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Monday, January 7, 2013

Comparative Manuscripts for Ancient Documents





Comparative Manuscripts for Ancient Documents

The NT documents are independent sources that were gathered together BECAUSE they were the earliest sources. There was no such thing as "Christian" sources back then. The Bible is not A book. It is a collection of the earliest best attested documents. So is it surprising that we dont find a lot outside of it from an early time? Not really. It would be like if we gathered up all the eye witness documents about Lincoln in a book (let’s call it The L Book) and then complained because we dont really have any early or eyewitness testimony BESIDES the testimonies contained within the L Book to confirm what is in the L Book.

As for Alexander the Great, you believe he existed. And your comments reveal your ignorance. He did exist. Are EARLIEST source for him is over 200 years after his death, our BEST source for him is 400 years, and the biographies are FILLED (and I do mean FILLED) with miracle and supernatural claims about him. It is just TOTAL ignorance to say otherwise. So to say that Alexander the Great is more plausible than Jesus based on LESS and LATER documents that have no hope of being eye witnesses (or at least based on the testimony of eyewitnesses such as the gospels) is why I asked you what kind of study you have put into this before you make totally uneducated and assumptive assertions. Seems you are only a "skeptic" when you want to be.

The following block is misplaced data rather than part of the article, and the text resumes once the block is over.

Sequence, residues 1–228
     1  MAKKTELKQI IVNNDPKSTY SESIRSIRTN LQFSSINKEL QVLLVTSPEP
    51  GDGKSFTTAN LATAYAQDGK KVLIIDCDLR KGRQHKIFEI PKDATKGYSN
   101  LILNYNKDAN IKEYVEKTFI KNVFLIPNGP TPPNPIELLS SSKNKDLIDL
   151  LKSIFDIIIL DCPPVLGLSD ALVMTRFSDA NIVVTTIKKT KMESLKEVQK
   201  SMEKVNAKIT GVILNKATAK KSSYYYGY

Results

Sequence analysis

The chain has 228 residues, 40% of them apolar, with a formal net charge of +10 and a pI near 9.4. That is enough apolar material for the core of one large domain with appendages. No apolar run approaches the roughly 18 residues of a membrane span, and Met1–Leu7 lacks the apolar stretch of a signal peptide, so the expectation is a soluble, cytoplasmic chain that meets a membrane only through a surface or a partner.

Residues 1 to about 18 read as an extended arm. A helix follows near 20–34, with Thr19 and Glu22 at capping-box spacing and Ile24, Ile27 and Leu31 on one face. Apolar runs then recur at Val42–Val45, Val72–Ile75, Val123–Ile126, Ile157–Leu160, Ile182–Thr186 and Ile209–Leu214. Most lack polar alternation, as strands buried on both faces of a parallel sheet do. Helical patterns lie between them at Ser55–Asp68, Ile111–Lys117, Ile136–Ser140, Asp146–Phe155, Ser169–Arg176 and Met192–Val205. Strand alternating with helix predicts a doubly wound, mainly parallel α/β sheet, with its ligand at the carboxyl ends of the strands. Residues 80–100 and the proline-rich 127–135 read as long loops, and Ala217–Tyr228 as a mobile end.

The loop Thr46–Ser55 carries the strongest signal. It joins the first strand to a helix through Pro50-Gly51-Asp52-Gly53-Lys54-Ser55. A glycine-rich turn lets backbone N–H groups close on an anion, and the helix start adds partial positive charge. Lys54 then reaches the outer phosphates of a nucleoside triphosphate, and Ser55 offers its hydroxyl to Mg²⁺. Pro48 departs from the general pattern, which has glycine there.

Again do the research on how much we know about Alexander the Great. Or how about Cesar Augustus or Tiberius Cesar who died just several years after Jesus. We have better documentation and information about Jesus' life (biographies written within 65 years at the latest even by liberal dating with our first manuscripts coming only a half a century after) than we do about either of them (with the best biographies not coming for 100+ years later with our first manuscripts coming hundreds of years later.) This is why the consensus among historians and text critics on this regardless of if they are theists or atheists, is that Jesus existed, was an itinerant preacher, was arrested as a political criminal, died on a roman cross and then his followers went around saying he rose from the dead. You even have some atheist historians saying that it is a historical fact that Jesus rose from the dead. To say that we dont have good evidence just puts you at odds with nearly every historian who specializes in this area. Read anything from Bauckham's Jesus and the Eyewitnesses to Ehrman's newest Did Jesus Exist. Ehrman is not writing to convince specialists. He was writing to the public to get them to stop passing on the nonsense that we cant know that Jesus existed when scholarship has long abandoned that view.